Adding additional time to the calendar isn’t just an opportunity to close the achievement gap and increase student achievement; it’s also a strategy to close opportunity gaps and increase enrichment opportunities for all students. With more time, students get access to experiences they might not otherwise have, from arts and music classes to outdoor activities and field trips. With a lengthened school day, Edwards students were on the football team, the dance squad, and learned boating skills. These are the kinds of experiences that make learning fun and engaging and ensure that students receive a well-rounded education.
We can add time to the school calendar by lengthening the day, the year, or some combination of the two. One strategy that yields strong results at both the Edwards Middle School and the Roger Clap Innovation School is the use of Acceleration Academies, one-week intensive interventions that take place during school vacation weeks that students can choose to attend to help improve their core skills in literacy and math. At the Edwards, Acceleration Academies have produced a substantial increase in MCAS scores among students who are not native English speakers.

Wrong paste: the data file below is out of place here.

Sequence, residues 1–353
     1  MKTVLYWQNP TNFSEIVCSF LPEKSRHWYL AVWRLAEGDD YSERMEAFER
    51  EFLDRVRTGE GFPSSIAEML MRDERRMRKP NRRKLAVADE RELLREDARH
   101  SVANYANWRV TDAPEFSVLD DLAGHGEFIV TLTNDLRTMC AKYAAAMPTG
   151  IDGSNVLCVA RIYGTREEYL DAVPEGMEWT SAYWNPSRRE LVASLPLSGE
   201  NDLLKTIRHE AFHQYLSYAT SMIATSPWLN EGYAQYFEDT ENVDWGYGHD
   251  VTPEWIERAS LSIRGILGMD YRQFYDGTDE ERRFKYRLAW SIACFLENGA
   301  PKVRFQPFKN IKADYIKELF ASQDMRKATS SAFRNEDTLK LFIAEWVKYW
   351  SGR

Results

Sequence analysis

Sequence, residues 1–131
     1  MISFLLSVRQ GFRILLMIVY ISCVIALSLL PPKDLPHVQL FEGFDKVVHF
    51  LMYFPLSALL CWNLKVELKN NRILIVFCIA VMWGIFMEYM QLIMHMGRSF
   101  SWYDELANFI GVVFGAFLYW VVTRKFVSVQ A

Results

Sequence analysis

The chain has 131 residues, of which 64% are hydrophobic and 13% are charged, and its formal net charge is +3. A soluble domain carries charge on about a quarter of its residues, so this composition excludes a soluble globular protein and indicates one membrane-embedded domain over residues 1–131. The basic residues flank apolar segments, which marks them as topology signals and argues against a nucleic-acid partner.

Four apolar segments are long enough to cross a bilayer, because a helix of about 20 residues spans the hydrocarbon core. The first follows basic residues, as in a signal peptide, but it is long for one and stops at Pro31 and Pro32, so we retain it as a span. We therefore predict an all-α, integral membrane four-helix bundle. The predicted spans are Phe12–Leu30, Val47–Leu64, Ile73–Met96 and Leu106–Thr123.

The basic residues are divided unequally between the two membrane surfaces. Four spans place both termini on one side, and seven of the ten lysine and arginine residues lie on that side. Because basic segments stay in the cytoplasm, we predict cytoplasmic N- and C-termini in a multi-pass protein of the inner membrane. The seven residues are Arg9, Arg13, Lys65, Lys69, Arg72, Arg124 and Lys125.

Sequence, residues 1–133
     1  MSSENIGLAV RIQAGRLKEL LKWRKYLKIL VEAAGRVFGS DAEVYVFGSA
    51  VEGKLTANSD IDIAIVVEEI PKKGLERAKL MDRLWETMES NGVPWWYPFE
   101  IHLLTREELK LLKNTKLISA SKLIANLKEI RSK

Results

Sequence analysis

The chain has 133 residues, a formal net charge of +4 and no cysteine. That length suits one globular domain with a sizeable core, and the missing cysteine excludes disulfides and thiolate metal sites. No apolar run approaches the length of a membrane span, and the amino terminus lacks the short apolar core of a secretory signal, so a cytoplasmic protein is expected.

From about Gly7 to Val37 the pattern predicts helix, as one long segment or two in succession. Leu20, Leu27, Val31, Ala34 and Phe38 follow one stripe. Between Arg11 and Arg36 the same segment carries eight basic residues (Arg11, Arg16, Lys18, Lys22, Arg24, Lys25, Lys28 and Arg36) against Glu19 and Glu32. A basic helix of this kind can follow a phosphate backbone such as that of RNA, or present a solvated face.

Some parents may view the issue of more school time with trepidation. They may worry, for example, that more time in school will wear their kids out or take time away from nonacademic activities that are a key part of growing up. That’s why the way we use the additional time is so important. More time can’t just mean doing more of the same. Every minute must be used creatively and well.
Fortunately, Mayor Driscoll and Superintendent Russell have made a robust effort to engage the community in a discussion about expanding learning time. We owe it to our kids to do this right. One thing is certain: Doing nothing to improve our schools is not an option.
Justin Vernon is a Salem resident and the principal of the Roger Clap Innovation School in Boston. He and his wife have children approaching school-age. This is one in a series of columns from the Community Advisory Board for the Salem schools.